Monday, July 22, 2013

Happy Birthday Dodd-Frank: a law that was designed not to and isn't working

In his Huffington Post column, former Senator Ted Kaufman looks at how the Dodd-Frank Act was designed not to address the causes of our current financial crisis and fails to make a future financial crisis less likely.

Failure was built into Dodd-Frank from the beginning. Instead of writing laws that addressed the abuses that led to the crisis, it nearly always kicked the can down to agencies, instructing them to write new regulations.
Regular readers know that by definition Dodd-Frank could not address the causes of the financial crisis because it was completed prior to the conclusion of any inquiry into the actual causes.

Instead, Dodd-Frank, with the notable exception of the Consumer Financial Protection Bureau and the Volcker Rule, was written by the bank lobbyists for the benefit of the banks.

The US is not alone in pursuing bank friendly reform legislation.

In the UK, Parliament is just taking up financial reform legislation almost 6 years after the financial crisis began.  There have been two commissions that looked into the crisis: the Vickers Commission and the Commission on Banking Standards.  By and large, the proposed financial reform legislation either ignores or adopts a weakened version of the recommendations made by the commissions.
By and large, those regulatory agencies have been overwhelmed by a combination of congressional underfunding and a massive lobbying effort by the megabanks that increasingly seem to control Washington....
When Dodd-Frank was being drafted, the bank lobbyists knew that the regulatory rule making process favored their positions.

Regulatory rule making favors the banks for 3 reasons: money, known by regulators, and act together.

Supporters of financial reform tend not to have the same financial resources, tend not to be known by the regulators and tend to focus only on the financial reforms of interest.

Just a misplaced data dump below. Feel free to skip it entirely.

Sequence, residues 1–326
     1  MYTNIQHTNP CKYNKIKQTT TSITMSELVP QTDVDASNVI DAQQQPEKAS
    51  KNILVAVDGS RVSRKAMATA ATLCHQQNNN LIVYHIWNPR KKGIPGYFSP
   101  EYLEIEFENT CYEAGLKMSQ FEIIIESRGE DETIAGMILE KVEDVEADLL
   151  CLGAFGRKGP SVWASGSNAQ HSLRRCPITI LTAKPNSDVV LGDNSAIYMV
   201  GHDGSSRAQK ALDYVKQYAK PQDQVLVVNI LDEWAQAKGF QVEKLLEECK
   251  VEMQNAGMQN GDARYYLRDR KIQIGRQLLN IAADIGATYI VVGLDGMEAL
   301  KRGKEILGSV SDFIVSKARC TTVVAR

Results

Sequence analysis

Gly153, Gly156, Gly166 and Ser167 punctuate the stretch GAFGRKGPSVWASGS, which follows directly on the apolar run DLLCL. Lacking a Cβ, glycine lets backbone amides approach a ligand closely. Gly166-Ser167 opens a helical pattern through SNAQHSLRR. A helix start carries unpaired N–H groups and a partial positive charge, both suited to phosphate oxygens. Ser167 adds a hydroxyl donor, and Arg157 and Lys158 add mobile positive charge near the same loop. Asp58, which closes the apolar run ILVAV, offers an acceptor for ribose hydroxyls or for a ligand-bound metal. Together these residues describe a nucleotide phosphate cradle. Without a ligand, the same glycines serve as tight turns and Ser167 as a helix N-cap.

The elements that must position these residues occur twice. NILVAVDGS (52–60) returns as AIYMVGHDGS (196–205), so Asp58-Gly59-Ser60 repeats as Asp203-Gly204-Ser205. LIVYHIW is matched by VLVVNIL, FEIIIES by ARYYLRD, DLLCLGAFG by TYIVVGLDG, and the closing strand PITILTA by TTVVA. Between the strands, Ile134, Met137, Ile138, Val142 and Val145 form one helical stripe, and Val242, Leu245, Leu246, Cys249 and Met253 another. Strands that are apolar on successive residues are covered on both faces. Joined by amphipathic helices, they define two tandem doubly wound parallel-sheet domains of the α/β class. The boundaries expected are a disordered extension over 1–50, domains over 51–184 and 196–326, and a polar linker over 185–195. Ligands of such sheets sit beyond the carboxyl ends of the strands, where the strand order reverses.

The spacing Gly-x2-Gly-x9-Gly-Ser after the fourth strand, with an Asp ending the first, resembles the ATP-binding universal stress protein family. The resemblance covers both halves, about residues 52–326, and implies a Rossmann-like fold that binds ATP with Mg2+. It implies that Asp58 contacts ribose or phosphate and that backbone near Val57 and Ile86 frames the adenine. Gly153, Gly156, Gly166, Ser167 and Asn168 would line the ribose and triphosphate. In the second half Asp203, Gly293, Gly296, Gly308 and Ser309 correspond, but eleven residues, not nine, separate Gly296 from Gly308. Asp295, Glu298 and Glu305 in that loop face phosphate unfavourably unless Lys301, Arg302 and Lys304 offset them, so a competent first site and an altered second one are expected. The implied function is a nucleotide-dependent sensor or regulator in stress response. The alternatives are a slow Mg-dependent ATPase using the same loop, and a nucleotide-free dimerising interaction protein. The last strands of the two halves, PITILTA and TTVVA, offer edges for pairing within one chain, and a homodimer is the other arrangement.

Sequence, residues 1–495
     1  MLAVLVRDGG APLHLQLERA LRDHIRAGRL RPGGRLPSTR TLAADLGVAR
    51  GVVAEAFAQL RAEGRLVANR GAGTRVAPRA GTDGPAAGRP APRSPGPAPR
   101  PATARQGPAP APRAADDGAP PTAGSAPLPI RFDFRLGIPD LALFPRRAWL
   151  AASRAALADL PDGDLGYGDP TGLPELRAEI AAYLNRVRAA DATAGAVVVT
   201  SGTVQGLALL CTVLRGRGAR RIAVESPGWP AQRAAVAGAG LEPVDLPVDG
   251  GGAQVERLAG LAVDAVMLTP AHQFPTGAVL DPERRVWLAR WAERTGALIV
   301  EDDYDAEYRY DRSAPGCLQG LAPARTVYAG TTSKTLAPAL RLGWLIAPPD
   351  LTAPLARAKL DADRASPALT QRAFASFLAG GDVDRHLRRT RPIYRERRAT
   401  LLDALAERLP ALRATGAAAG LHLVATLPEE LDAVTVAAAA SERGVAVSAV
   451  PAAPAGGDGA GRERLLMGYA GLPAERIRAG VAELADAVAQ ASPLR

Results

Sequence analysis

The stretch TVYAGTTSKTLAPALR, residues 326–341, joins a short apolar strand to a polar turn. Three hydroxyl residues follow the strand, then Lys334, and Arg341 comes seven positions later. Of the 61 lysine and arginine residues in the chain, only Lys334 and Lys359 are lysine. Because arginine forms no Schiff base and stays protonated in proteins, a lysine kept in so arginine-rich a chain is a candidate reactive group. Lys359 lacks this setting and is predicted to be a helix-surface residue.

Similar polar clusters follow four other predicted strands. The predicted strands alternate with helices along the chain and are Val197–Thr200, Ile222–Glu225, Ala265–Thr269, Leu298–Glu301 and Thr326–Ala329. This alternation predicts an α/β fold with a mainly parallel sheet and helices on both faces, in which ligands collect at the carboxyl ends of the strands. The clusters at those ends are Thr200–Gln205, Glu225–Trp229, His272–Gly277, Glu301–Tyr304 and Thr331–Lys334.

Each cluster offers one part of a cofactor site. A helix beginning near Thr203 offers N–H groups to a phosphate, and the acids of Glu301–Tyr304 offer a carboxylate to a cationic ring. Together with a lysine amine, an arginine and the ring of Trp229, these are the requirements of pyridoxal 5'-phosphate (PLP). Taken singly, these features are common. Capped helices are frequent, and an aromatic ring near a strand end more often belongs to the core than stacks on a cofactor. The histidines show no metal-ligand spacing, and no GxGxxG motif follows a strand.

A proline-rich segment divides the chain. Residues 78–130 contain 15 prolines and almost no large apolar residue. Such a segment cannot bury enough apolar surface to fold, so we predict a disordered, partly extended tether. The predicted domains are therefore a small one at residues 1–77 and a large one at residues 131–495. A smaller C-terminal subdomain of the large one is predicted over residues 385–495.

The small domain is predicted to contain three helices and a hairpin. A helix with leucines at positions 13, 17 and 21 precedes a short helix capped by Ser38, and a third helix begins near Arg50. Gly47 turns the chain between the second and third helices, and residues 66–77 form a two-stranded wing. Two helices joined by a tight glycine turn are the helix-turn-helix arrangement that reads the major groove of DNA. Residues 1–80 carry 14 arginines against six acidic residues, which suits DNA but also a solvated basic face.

So making the regulators work on a large number of rule makings was intentional.
Here are just a few examples of Dodd-Frank's failure: 
• The banks still are gambling with FDIC-insured money. The JPMorgan Chase "London Whale" fiasco was just the latest proof that there has been no change in the casino speculation of Wall Street banks. 
• There is still a giant loophole in derivatives trading. Although there are new regulations curbing the kind of derivatives trading that was a key element in the crisis, those regulations do not cover the foreign subsidiaries of megabanks. Banks can easily move trading activities into different offices. He wasn't called the "London Whale" because he worked in Philadelphia. 
• No one has gone to jail. And no one will. There are many examples of criminal behavior during the meltdown, but not one megabank executive has been jailed. Without that deterrent, white-collar crime is not just profitable but inevitable. 
• Reform of the credit-rating agencies is a long way off. "Essential cogs in the wheel of financial destruction," as the Financial Crisis Inquiry Commission described them, the credit-rating agencies still operate as they always have, bought and paid for by the entities they rate. 
• Fannie Mae and Freddy Mac have not been fixed. In fact, they weren't even mentioned in Dodd-Frank, despite the fact that everyone agrees they played a role in the meltdown.
Regular readers know that brining transparency back to the financial system would fix four of these failures.

It would end banks making proprietary bets.  JP Morgan showed with its closing out the London Whale trade when it became known to the market that transparency ends proprietary betting.

It would end concern over where derivatives are traded.  With transparency, banks must disclose on an ongoing basis their current global asset, liability and off-balance sheet exposure details.  So derivatives traded in London would still be disclosed and investors could adjust the cost of the bank's funding to reflect these derivatives.

It would reform the credit rating firms by making them just another voice offering their views on an investment.  When market participants have access to the same data as the credit rating firms, market participants can independently assess the risk and value an investment or hire a third party to do it for them.  They don't need to have any reliance on the credit rating firms.

It addresses the reform of Fannie and Freddie by restarting the private label mortgage securitization market.  With the private label market unfrozen, Fannie and Freddie's portfolios can be run off.
There were lots of heated debates before passage of Dodd-Frank, but no disagreement from anyone in the administration or Congress about one thing. The bill had to end the possibility that American taxpayers would ever again have to bail out a big bank because its failure would have a severe impact on the entire economy. 
You would think that by now at least that problem would have been addressed. But it hasn't been. 
Eliminating the need for taxpayer bailouts won't occur until banks are required to provide ultra transparency and disclose their exposure details.  It is only with this data that market participants can limit their exposure to each bank to what they can afford to lose given the risk of each bank.

No comments: